‘This is a very big problem’: Rising sea levels will lead to significant displacement in coming decades
The Maldives, a small country in the Arabian Sea, is at high risk of being made uninhabitable by rising sea levels.
Tal Simmons delivering a lecture in a classroom
Forensic science lecture series explores emerging research and high-profile cases
Tal Simmons, Ph.D., a VCU forensic science professor, delivered the first talk of the lecture series. She spoke on “Forensic Anthropology in the Service of Human Rights.”
Michelle Peace and her lab team
CNN's Sanjay Gupta visits VCU to interview forensic science professor
Michelle Peace, Ph.D., appeared on CNN's Weed 5 to discuss her research on e-cigarettes and CBD oils and liquids.
a shelf full of liquor bottles at a bar
Genetically at-risk youth can lower risk of alcohol problems by taking part in prevention program
A VCU-led study has found that participating in a family based prevention program during adolescence reduces the likelihood that people with a genetic predisposition to alcohol problems develop those problems as an adult.
Joshua Ekhardt alongside the book cover for
English professor’s book sheds new light on poet and preacher John Donne
The book reveals how Donne’s writings have circulated throughout history, and how religious readers, communities and movements affected the distribution and reception of his body of work.
Cato Laurencin
International symposium explores how nanoscience can help solve problems in energy, medicine
Cato Laurencin, M.D., Ph.D., a University Professor at the University of Connecticut, delivers keynote remarks at the International Symposium on Clusters and Nanomaterials on Monday.
Derek Prosser
VCU biology professor receives $1.3M grant to study membrane transport pathways in yeast
“We are interested in understanding the different ways that cells internalize material,” said Derek Prosser, an assistant professor in the Department of Biology.
Jeff W. Atkins, Ph.D., a post-doctoral researcher in VCU's Department of Biology, uses a lidar system to collect data in a forest at VCU's Rice Rivers Center in 2016
Structurally complex forests better at carbon sequestration
A new study led by VCU researchers may have implications for mitigation of climate change.
a brick wall with the phrase 'ms-13' painted on in graffiti style
Political rhetoric blows MS-13 violence out of proportion, VCU research finds
A new study by VCU researchers examined 20 years of violent crimes linked to MS-13 and found that political rhetoric greatly exaggerates the size of threat posed by the gang.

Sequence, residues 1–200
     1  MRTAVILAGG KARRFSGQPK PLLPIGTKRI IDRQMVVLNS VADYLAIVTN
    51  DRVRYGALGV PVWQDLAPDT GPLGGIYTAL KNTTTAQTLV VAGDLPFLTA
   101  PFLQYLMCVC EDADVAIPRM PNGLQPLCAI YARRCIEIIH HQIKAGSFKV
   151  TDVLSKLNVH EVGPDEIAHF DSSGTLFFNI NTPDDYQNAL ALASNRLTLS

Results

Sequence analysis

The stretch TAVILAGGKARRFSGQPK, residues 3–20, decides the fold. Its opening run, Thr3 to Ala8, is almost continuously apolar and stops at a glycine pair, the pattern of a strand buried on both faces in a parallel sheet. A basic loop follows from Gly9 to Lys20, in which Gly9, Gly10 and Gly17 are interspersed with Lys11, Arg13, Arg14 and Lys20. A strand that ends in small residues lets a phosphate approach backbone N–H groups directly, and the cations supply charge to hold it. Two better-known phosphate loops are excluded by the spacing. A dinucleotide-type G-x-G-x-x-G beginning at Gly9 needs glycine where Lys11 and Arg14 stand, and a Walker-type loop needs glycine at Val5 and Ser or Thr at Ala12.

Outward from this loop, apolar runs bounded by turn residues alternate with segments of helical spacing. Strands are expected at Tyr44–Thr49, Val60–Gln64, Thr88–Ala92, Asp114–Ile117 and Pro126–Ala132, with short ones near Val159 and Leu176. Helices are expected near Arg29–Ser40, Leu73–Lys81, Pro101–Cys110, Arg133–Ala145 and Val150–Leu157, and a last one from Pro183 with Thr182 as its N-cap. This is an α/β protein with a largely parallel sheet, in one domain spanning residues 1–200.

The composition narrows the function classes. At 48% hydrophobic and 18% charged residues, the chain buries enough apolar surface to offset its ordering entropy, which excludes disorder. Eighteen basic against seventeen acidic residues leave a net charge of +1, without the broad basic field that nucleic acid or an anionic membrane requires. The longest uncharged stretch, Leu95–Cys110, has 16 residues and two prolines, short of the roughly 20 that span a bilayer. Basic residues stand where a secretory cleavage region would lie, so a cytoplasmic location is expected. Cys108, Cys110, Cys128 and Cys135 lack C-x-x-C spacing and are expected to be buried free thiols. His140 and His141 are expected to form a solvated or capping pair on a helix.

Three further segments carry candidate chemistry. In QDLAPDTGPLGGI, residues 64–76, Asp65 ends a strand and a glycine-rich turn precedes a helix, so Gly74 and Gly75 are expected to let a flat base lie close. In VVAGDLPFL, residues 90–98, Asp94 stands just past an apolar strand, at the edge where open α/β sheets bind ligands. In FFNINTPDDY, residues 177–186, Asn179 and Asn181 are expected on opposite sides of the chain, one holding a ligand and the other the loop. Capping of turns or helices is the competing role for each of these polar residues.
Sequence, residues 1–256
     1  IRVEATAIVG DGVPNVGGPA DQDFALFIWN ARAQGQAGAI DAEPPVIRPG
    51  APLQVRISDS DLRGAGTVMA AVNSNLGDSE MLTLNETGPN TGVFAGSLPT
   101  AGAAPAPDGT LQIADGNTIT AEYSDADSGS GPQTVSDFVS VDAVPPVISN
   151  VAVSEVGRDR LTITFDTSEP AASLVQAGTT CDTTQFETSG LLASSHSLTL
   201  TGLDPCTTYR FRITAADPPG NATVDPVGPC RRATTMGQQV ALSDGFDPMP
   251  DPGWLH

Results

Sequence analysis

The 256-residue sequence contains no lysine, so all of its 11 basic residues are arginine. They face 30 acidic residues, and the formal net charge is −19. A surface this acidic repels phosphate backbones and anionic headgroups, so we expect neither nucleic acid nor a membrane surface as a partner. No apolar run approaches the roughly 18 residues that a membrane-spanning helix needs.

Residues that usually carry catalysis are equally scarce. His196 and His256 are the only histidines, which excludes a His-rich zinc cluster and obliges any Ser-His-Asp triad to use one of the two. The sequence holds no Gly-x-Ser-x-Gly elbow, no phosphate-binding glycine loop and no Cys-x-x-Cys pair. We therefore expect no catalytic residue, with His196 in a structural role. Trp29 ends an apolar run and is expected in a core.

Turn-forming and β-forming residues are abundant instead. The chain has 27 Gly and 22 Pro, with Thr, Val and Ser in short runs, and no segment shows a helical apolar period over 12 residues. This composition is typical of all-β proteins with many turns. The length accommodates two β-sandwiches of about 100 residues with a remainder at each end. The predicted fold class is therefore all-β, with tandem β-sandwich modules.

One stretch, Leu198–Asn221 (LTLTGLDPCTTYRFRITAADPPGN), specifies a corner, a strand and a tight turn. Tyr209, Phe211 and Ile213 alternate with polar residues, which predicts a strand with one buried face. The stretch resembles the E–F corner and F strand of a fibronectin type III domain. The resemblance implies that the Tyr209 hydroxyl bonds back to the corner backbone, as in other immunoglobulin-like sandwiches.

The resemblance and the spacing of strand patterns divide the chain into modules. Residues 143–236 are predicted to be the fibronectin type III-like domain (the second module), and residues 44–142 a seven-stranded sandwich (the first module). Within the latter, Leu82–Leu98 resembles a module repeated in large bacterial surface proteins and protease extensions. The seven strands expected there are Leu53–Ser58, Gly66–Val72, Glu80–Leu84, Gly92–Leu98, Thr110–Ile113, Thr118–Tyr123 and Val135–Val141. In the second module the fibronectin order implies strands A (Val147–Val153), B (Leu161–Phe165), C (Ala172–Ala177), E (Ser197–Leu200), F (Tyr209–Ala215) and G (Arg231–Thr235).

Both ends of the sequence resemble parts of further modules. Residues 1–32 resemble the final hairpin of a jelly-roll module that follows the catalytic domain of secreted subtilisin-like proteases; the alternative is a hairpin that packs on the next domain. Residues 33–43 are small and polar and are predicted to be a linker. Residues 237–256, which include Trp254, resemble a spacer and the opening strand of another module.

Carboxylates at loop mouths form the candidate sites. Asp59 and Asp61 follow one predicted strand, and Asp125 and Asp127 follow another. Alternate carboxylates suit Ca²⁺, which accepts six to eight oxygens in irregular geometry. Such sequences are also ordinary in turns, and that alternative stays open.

green leafed seedling growing up through the cracks of some tiles
For older adults, ‘hope’ may be a key piece for improving health, psychological and social well-being
VCU professor emeritus Everett Worthington, Ph.D., is co-author of a new study that sheds light on the role of hope in improving the lives of an aging population.
Alaattin Kaya
Grant aims to discover genes and environmental factors that strongly interact to modulate aging patterns
Kaya's four-year grant from NIH totals $512,000.
Tressie Cottom alongside the book cover for
Cottom earns top honor from American Sociological Association
VCU professor recognized for advancing public understanding of sociology.
student in a bar drinking a beer
A better approach to college drinking prevention?
CHS researchers are developing a program that focuses less on student drinking, and more on the underlying factors that lead people to drink.
A doctoral student reads brain imaging results at the VCU Social Psychology and Neuroscience Laboratory
Inside the brains of psychopaths: VCU research aims to understand antisocial empathy
David Chester, Ph.D., leads a research team that investigates the dark sides of human behavior, trying to discern the underpinnings of traits like violence, aggression and revenge.
Will Smith and Martin Lawrence, stars of
New ‘Bad Boys’ film taps expertise of VCU’s Santa Muerte scholar
“Much of her pop culture appeal is connected to surging interest in narco-culture, and one of Santa Muerte’s many diverse roles as folk saint is that of narco-saint,” says VCU expert Andrew Chesnut.
a dried-out piece of land as a result of climate change
Can Indigenous knowledge rooted in the deep past help address climate change?
VCU history professor Gregory Smithers will explore that question as part of a prestigious four-year Global Professorship in England.
Jeanine Guidry and Nicole O'Donnell
Media+Health Lab wins presidential research grant
The $49,689 award has been given for the research project "#Doesanybodycare: Encourage suicide-related bystander behavior on Instagram."
hazelnuts
A taste of Italy: Professor’s clinical research examines whether food really is the best medicine
Salvatore Carbone, a professor of kinesiology and health sciences, is studying the benefits of a diet rich in healthy fats.
a person smoking an e-cigarette
An often-made claim that e-cigarettes are ‘95% safer’ is not valid
Thomas Eissenberg of the Center for the Study of Tobacco Products at VCU was one of six experts who investigated the claim and found it unreliable and outdated.
Brooke Newman alongside the book cover for
Newman's book announced as finalist for the 2019 Frederick Douglass Book Prize
This coveted annual prize recognizes the best book on slavery, resistance and/or abolition published in the preceding year.
Tracey Dawson Cruz, Ph.D., professor and chair of the Department of Forensic Science, shows the plastic microchip developed by her team that is inserted into the device to prepare a sample for DNA analysis
This VCU professor’s invention speeds up how sexual assault DNA evidence is processed
The device could one day play a key role in reducing the nation’s backlog of untested rape kits and expedite crime solving.
Olivia Norman, assistant U.S. Attorney and district opioid coordinator with the U.S. Attorney's Office for the Eastern District of Virginia, leads a session during the Silent No More symposium
At VCU, 170 experts gather to focus on solutions to opioid crisis
Participants were encouraged to “drive toward solutions and breaking down of silos” among law enforcement, medical, scientific and treatment professionals.
Santa Muerte altar
Q&A: Why folk saint Santa Muerte should be considered the ‘matron saint of the Mexican drug war’
A new paper by VCU professor R. Andrew Chesnut, Ph.D., and University of Alberta professor Kate Kingsbury, Ph.D., reveals the death deity is venerated by both sides of the drug war.